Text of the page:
The Pune police also conducted a search at the Nagpur home and office of Surendra Gadling, a People’s Lawyer practicing there.  His computer Hard disk, DVDs and other e-storage devices were seized by the police. Surendra Gadling is the General Secretary of the Indian Association of People’s Lawyers (IAPL) and has been an active member since its formation in 2004. He has, since the last three decades, been litigating cases of those marginalized in the Indian judicial system, especially Dalits, tribals and workers from various backgrounds. He played a significant role in defending those incarcerated in draconian laws of TADA, POTA and UA(P)A including that of Sudhir Dhavale, Prof. G.N. Saibaba and also in defending rights of tribals arrested by the police under fabricated FIRs. Adv. Gadling has also fought for the rights of dalits in numerous atrocities such as the Khairlanji massacre. He himself has been resisting the anti-people stance of the state as a Human Rights activist and People’s Lawyer and due to this popularity, has even contested Bar Council elections for Maharashtra and Goa.

On December 31, 2017, an Élgaar Parishad was organised in Pune commemorating the 200th anniversary of the battle of Bhima-Koregaon wherein the Peshwahi rule in Maharahtra was defeated. The Elgar Parishad was organised with the stated objective of fighting Brahminism and Fascism i.e. the neo-peshwahi. The program was hugely successful and attended by thousands from across the state. However on January 1, 2018 the following day, those commemorating the event were attacked by a mob carrying saffron flags and instigated by Sambhaji Bhide and Milind Ekbote. These two right wing activists are closely connected with the ruling BJP and the Sangh Parivar and this attack was part of a pre-meditated plan.

Following this attack, the dalit community and sections from the Other Backward Castes (OBC) and Muslim communities participated in a State wide Bandh calling for the arrest of Sambhaji Bhide and Milind Ekbote. The police, rather than arresting these two instigators of the violence, retaliated by conducting massive combing operations in Dalit bastis and arbitrarily searching homes and arresting up young men. Thousands of people were detained illegally. FIRs  under sections 153A, 505(1), 117 and 34 of IPC were registered against activists including Sudhir Dhavale, Harshali Potdar, Ramesh Gaychor, Jyoti Jagtap, Sagar Gorkhe and also against Jignesh Mevani (an elected Gujarat MLA) and Umar Khalid (a student leader) for participating in the Elgar Parishad.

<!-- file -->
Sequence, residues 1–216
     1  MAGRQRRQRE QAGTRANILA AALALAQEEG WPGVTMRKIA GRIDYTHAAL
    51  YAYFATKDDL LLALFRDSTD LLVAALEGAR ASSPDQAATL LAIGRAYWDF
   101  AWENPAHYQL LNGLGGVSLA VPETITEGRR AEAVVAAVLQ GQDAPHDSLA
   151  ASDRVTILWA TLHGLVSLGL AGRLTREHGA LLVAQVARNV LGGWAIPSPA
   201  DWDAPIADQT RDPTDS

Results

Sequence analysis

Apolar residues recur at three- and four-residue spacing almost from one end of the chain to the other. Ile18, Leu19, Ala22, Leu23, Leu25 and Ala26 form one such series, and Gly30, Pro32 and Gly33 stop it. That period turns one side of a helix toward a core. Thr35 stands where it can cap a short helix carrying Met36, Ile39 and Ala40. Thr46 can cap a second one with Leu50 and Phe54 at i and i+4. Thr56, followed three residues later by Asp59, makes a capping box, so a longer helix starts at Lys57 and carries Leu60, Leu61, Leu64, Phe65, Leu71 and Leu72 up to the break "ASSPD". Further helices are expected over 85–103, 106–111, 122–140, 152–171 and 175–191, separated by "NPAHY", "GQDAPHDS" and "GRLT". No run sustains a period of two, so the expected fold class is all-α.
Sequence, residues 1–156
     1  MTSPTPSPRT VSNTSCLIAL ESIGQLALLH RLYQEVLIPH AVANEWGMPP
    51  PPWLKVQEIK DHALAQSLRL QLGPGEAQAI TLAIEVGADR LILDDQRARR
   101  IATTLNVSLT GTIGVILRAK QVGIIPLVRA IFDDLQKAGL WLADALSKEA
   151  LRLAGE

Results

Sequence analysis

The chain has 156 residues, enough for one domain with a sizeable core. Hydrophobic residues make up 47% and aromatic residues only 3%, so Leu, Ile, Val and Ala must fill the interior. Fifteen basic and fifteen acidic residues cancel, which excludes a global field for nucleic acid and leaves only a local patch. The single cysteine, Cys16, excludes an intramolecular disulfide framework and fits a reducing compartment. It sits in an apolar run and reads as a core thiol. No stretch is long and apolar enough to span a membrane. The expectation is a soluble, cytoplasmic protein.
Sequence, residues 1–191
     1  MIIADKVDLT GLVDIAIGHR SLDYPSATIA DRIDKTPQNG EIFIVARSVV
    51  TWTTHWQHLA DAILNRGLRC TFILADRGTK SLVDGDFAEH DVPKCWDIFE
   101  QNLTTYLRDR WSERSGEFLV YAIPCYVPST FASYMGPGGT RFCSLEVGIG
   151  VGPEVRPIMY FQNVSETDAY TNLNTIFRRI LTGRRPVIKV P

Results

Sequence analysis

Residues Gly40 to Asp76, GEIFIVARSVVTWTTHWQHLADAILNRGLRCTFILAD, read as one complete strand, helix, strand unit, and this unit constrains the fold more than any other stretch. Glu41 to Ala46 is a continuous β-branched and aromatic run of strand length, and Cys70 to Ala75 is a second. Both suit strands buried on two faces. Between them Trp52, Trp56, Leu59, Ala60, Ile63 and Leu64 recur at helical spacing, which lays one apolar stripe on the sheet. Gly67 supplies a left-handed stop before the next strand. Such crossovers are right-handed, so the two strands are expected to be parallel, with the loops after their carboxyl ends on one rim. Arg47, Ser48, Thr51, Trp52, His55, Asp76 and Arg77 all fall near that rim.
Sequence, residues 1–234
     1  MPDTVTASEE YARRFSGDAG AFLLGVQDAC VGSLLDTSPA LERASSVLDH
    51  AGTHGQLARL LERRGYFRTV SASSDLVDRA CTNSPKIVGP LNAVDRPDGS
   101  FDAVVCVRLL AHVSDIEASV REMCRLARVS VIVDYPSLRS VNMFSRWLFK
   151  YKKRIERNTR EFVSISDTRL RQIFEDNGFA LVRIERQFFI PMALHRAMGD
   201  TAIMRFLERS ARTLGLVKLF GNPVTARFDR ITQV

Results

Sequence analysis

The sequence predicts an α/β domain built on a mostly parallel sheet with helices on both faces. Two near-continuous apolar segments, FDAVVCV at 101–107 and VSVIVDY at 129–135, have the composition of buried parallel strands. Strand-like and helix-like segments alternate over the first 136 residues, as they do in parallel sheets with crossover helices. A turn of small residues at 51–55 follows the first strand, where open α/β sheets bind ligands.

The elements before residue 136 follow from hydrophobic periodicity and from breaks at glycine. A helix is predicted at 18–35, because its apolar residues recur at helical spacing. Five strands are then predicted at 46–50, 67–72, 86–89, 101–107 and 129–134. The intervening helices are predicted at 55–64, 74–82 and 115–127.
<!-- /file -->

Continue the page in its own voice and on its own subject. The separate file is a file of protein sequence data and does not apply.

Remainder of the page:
Instead of taking strict and timely action against the inciters of the violence that ensued in Bhima Koregaon, the state machinery has sought to target activists and lawyers who are fighting regressive trends in the society. As for Advocate Gadling, his harassment is a clear case of targeting him for his persistent defence of numerous Rights activist and those arrested in fabricated cases. Gadling’s name was not even mentioned in the FIR, wherein the Pune Police have sought action. Being a dalit lawyer and activist, seems to be the rationale for making him a ‘natural’ target of the Pune FIR.

The Indian Association of People’s Lawyers (IAPL) condemns the search conducted in the home and office of Advocate Surendra Gadling. Such search is nothing but an attempt to prevent Advocate Surendra Gadling from performing his professional duties, and representing clients targeted by the state, and such action amounts to interference with the administration of justice. IAPL also condemns the searches and harassment meted out to other activists and stands with them in this difficult hour of state hounding.  IAPL declares that such searches are for the sole purpose of distracting people’s attention from the real culprits of the Bhima-Koregaon violence.


Adv. Sudha Bharadwaj

(IAPL, Vice President)

Adv. Ankit Grewal

(IAPL, Joint Secretary)

Adv. Arun Ferreira

(IAPL, Treasurer)

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10 Ambedkar quotes that show why the BJP can’t co-opt him

A BSP worker paints the newly constructed statue of BR Ambedkar in blue in Badaun
A BSP worker paints the newly constructed statue of BR Ambedkar in blue in Badaun| PTI

Bowing before a statue is not enough to erase Ambedkar’s ideas, deep-rooted as they are amongst Dalits across India.

The BJP thinks it can resolve its rupture with the Dalit community by bowing before Ambedkar.

The symbolism of Prime Minister Narendra Modi giving respect to Ambedkar, saying that Ambedkar is one of the guiding forces for him and his party, is no doubt powerful. But the Ambedkarite movement is not just about Ambedkar’s statue. Like Hindutva, Ambedkarism is an ideology. Through the Dalit movement, this ideology has deep roots.

The centrepiece of the Dalit movement has been the spread of Ambedkar’s ideas through leaflets, booklets, NGOs, political parties, caste associations, and organisations of Dalits working in the public sector and the government.

Hindutva ideologues often use Ambedkar’s critique of Islam to appropriate him. Yet that is of little use to Dalits who see Ambedkar in his totality as the leader who showed them the way out of caste oppression with the slogan, “Educate, Agitate, Organise” against caste.

Here are ten quotes from Ambedkar’s writings that give a glimpse of why the BJP can’t appropriate Ambedkar with hollow symbolism:

1) “If Hindu Raj does become a fact, it will, no doubt be the greatest calamity for this country. No matter what the Hindus say, Hinduism is a menace to liberty, equality and fraternity. It is incompatible with democracy. Hindu Raj must be prevented at any cost.”

2) “Hindu society as such does not exist. It is only a collection of castes. Each caste is conscious of its existence. Its survival is the be-all and end-all of its existence. Castes do not even form a federation. A caste has no feeling that it is affiliated to other castes, except when there is a Hindu-Muslim riot. On all other occasions, each caste endeavours to segregate itself and to distinguish itself from other castes.”